Linked by Thom Holwerda on Sat 23rd Oct 2010 22:23 UTC
Windows "Windows 7 might be a massive commercial success and an undeniably rock solid piece of software, but Microsoft is apparently unwilling to rest on those soft and cozy laurels. Asked about the riskiest product bet the Redmond crew is currently developing, its fearless leader Steve Ballmer took no time in answering 'the next release of Windows'." Also of note in this same video interview thing: Ballmer states that Silverlight is now pretty much strictly a client, non-cross platform thing, while explicitly stating that when it comes to doing something universal, "the world's gone HTML5".
Thread beginning with comment 446782
To read all comments associated with this story, please click here.
Risky?
by melgross on Sat 23rd Oct 2010 23:02 UTC
melgross
Member since:
2005-08-12

You know, he could have said that about Vista, so it doesn't mean much. Longhorn was risky, and nothing came of it.

We have to be careful reading anything into Ballmer's remarks.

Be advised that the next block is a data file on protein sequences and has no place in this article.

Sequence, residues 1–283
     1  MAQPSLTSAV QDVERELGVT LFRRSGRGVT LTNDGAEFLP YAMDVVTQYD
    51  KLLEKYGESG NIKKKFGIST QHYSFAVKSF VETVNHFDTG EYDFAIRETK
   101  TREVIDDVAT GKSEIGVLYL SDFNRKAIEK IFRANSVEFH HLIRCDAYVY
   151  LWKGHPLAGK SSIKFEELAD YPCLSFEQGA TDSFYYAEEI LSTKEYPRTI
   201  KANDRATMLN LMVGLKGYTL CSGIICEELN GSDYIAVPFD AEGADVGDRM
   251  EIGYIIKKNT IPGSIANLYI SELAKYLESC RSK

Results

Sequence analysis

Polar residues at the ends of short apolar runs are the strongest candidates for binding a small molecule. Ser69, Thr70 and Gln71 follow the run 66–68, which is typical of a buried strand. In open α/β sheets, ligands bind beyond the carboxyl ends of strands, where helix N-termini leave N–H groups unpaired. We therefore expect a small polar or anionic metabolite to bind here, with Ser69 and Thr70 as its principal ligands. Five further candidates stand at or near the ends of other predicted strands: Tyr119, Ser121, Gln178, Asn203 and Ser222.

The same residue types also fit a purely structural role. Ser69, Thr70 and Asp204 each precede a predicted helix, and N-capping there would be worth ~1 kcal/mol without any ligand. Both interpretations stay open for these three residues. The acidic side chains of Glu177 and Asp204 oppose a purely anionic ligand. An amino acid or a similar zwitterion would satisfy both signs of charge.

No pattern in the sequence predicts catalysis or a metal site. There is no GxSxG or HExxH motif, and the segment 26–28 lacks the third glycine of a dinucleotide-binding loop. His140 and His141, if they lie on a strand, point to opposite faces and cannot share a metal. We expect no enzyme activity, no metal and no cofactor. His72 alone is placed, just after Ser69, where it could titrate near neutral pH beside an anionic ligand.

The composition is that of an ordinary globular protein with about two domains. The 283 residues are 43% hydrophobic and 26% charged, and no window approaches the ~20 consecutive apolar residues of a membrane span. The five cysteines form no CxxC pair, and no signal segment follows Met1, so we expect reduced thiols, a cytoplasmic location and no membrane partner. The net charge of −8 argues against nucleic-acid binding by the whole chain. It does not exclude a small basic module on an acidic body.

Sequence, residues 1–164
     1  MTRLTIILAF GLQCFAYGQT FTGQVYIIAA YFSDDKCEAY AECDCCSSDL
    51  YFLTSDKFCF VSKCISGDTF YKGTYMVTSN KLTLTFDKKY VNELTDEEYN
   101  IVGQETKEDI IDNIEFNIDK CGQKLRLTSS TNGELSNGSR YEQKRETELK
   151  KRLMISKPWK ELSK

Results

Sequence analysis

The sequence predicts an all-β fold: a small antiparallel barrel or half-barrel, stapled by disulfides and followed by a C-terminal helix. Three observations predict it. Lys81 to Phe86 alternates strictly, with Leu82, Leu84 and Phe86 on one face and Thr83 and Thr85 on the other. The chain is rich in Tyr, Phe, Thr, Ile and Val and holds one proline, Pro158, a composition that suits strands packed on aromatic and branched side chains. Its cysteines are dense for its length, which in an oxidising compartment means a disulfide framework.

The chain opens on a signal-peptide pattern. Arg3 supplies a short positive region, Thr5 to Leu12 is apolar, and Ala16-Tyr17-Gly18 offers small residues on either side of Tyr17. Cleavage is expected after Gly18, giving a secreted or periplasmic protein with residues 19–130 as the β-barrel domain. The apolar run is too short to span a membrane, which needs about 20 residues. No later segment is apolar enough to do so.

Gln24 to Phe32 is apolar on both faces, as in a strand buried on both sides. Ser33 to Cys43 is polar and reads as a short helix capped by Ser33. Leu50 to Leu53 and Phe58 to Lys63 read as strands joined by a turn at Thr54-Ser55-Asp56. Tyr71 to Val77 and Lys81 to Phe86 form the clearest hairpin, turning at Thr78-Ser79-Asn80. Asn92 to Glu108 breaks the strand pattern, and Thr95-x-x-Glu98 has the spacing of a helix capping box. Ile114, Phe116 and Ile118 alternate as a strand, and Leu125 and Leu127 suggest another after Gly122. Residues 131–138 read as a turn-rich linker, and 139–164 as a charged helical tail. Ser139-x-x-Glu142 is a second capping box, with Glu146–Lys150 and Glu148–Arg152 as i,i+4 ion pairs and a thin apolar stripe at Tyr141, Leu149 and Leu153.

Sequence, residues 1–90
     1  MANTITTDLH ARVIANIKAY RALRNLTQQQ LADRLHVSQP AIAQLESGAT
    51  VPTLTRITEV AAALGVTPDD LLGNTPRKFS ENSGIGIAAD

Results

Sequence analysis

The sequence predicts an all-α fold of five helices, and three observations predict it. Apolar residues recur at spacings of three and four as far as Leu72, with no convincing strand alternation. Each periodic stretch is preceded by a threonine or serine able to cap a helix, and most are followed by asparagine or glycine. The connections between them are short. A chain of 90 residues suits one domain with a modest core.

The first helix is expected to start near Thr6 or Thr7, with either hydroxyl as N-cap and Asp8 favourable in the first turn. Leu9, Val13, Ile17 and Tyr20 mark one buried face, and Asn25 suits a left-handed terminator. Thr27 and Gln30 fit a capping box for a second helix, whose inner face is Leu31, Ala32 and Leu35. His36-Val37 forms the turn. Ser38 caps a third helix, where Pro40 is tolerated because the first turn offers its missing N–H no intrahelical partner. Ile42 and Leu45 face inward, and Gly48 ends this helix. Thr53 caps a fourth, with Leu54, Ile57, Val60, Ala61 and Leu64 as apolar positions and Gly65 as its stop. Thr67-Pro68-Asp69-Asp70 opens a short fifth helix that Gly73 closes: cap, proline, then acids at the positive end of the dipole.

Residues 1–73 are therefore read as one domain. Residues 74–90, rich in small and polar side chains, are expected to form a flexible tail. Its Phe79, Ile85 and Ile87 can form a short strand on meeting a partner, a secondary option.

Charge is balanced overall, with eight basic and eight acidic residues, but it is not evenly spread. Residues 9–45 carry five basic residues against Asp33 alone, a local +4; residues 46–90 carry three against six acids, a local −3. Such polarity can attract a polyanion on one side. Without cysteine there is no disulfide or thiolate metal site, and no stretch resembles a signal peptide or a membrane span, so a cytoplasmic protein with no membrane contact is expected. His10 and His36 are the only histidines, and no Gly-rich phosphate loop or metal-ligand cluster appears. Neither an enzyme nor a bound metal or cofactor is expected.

Reply Score: 2

RE: Risky?
by gus3 on Sat 23rd Oct 2010 23:49 in reply to "Risky?"
gus3 Member since:
2010-09-02

He should have said that about Vista. Did nobody in the organization have the courage to point out what a leviathan it was, before it damaged the Microsoft brand?

But your point is correct. When most of the rest of the business is predicated on the Windows franchise, the next release of Windows will always be the riskiest.

Reply Parent Score: 4

RE[2]: Risky?
by orestes on Sun 24th Oct 2010 00:20 in reply to "RE: Risky?"
orestes Member since:
2005-07-06

Same could be said of XP for that matter.

Reply Parent Score: 2

RE: Risky?
by kaiwai on Sun 24th Oct 2010 01:03 in reply to "Risky?"
kaiwai Member since:
2005-07-06

You know, he could have said that about Vista, so it doesn't mean much. Longhorn was risky, and nothing came of it.

We have to be careful reading anything into Ballmer's remarks.